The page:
marriage letters: on unmet expectations

Dear Eric,

Early on in our relationship, our primary disagreements were on unmet expectations. I expected, when you were coming to pick me up from church, that you would arrive 15 minutes before it started so we could get there right on time, maybe a few minutes early to mingle and find a seat. You expected that picking me up at 5 till 9 and walking in 8 minutes late was the best approach. Needless to say, we had a lot of silent, tension-filled car rides on Sunday mornings.

After getting married, we found that we had different ideas on how to spend a Saturday.You enjoy sleeping in a little, taking the morning slow, savoring the pleasure of not having anything to do. My internal alarm clock won’t let me sleep past 7 am, so I am always out the door at 7:15 to go grocery shopping, then coming home and clean and organize. No such thing as “slow” in my vocabulary.

Then there were the date nights. You would so lovingly plan out every detail of our evening, but a disconnect in my expectation of eating first versus your expectation that dinner could happen later would stir up tension and frustration (until you caught on that I don’t function well when I’m hungry).

So – out of necessity – we started communicating expectations. I think this has been one of the best practices in our marriage, one of the areas I have seen the most growth for us. Very rarely do we miscommunicate because we take precautions to talk about everything.

Each Friday night, we ask, “What do you expect for tomorrow?”
Every Sunday while driving home from church, we talk about how we want the day to look.
Throughout the week, we talk about which evenings are free and if there is anything the other wants to prioritize.

Plus we know each other well enough to know how the other usually wants to spend free time.

Recently, though, I have recognized more significant unmet expectations that we are still working through, ones that additional communication won’t repair.

It’s you with your job – working in a corporate office is not where you expected to be four+ years after graduating. You question what you are doing and why you are there and if there is any hope for something else. We dream together about grad school and ministry and what it will take to help you thrive, but it all seems just out of our reach. I sense you fighting bitterness against the life you wanted but don’t have, the disillusionment of being a twenty-something. You want to have it all figured out before we have kids, before we enter a new season, but it doesn’t seem to be happening the way you expected it would.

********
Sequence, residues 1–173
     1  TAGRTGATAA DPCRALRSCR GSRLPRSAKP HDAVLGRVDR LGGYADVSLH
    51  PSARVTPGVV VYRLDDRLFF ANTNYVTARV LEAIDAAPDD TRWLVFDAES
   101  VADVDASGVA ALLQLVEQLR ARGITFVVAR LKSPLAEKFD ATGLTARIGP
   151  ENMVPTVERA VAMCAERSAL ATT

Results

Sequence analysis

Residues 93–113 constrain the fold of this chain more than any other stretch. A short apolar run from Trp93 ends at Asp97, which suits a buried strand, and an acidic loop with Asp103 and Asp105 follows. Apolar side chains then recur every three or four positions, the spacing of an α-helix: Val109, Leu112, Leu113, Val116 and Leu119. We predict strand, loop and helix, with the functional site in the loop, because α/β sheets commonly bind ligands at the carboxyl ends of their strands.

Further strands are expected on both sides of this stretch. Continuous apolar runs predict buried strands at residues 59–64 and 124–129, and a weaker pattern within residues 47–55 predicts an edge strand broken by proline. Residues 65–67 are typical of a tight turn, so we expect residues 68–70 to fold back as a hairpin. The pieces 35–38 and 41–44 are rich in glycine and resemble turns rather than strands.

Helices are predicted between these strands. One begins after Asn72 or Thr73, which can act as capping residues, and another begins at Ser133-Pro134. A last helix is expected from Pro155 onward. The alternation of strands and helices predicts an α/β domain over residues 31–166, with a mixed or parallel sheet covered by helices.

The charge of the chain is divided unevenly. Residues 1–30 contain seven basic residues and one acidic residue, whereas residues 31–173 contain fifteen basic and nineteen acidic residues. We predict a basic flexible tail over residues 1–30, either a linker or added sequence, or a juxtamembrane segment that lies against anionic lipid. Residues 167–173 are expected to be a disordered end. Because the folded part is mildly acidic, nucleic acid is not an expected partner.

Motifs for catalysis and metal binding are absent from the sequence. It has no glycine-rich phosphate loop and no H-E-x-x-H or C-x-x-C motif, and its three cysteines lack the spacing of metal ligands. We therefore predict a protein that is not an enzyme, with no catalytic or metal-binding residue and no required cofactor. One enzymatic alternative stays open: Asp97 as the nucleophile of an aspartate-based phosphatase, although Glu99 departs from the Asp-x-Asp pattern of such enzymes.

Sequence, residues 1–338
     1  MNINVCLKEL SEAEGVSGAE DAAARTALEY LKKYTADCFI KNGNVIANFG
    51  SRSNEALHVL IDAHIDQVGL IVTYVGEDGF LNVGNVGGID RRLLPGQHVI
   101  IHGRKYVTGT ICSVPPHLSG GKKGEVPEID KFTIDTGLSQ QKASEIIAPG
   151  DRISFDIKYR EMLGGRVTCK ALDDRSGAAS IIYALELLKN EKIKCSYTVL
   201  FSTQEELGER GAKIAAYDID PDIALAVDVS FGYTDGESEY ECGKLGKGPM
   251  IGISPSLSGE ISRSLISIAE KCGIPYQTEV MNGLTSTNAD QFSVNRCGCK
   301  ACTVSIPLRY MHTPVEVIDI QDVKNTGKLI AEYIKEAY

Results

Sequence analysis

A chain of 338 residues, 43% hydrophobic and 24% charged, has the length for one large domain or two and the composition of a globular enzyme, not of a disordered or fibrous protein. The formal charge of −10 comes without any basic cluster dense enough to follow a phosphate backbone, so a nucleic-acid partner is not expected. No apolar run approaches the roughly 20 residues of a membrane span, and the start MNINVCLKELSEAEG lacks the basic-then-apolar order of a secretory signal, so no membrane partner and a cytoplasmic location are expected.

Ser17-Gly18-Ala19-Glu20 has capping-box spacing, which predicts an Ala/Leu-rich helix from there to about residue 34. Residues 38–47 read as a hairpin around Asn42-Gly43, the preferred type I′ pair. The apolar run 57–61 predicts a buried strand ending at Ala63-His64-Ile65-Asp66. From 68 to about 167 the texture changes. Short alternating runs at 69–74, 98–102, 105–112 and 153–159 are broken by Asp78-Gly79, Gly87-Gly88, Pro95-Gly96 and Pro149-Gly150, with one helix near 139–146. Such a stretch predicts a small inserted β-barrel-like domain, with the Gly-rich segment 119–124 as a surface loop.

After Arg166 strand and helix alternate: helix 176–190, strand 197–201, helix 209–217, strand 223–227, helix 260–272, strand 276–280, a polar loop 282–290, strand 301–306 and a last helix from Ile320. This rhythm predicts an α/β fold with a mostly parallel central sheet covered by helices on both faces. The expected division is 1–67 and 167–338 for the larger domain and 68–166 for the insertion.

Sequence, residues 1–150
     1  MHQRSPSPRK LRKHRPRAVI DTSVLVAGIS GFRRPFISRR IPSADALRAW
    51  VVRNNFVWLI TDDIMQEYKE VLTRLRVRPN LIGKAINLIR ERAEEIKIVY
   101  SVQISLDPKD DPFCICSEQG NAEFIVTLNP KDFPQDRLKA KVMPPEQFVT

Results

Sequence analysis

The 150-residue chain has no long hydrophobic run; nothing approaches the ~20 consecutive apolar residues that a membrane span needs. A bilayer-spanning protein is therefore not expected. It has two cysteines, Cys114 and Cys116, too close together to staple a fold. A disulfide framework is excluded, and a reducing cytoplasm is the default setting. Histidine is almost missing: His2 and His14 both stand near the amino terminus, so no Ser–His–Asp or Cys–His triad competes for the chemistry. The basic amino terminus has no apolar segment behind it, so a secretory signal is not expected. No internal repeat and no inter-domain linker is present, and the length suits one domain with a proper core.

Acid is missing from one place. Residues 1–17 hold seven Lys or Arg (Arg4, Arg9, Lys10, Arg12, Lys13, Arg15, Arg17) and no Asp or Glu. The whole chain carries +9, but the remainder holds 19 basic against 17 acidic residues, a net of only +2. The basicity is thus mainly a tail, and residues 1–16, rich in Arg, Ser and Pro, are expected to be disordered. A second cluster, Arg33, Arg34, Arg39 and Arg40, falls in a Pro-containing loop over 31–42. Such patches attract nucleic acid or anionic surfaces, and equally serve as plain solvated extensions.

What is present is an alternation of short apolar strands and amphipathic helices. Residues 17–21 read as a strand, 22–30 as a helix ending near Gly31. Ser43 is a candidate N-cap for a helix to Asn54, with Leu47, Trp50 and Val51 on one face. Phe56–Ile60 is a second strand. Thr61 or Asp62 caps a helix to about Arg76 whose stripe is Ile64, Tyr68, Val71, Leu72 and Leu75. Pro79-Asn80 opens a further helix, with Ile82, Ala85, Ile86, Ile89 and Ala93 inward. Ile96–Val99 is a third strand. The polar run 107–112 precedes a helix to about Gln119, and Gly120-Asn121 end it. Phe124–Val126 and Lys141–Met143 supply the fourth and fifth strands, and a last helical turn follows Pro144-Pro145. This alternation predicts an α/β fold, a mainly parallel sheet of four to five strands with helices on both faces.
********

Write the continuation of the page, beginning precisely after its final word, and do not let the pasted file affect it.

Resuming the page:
But unmet expectations are also held by that idea of entering the next season. The work and the waiting in starting a family was not what we expected. I am still processing what it means to not have control over this timing while finding myself each month wondering if it is time. We haven’t been in this new journey for very long, and I know it’s not time for me to be frustrated yet, but it’s been long enough for me to realize that I still struggle with not getting what I want when I want it. With unmet desire and with plans I don’t get to plan. And unlike in our marriage, God doesn’t sit down with me and discuss His expectations or His ideas. He simply sits with me, lets me talk, and asks me to trust Him.

To be honest, I think we fear asking God for specific things because of past unmet expectations. We fear setting deadlines and praying big prayers – not because we don’t believe God is capable, but because we deep down don’t believe He will answer.

We can’t fix these unmet expectations on our own, and we have to learn how to handle them just how we had to learn how to do with the little things in marriage. We are processing with words and with tears and with presence. Instead of a disconnect, our unmet expectations are pulling us together. And that might make all the difference with whatever we will encounter in the future – that we are a team. We are doing this as one.

Starting today, let’s both work to believe God for big things and to grow together as we ask for more faith. Life may not meet the expectations we have set, but I’m grateful we get to work at it with each other, rerouting our plans and rearranging our desires to match what the Lord has for us in the present.

You are the best teammate, and the Lord exceeded my expectations when He gave me you.



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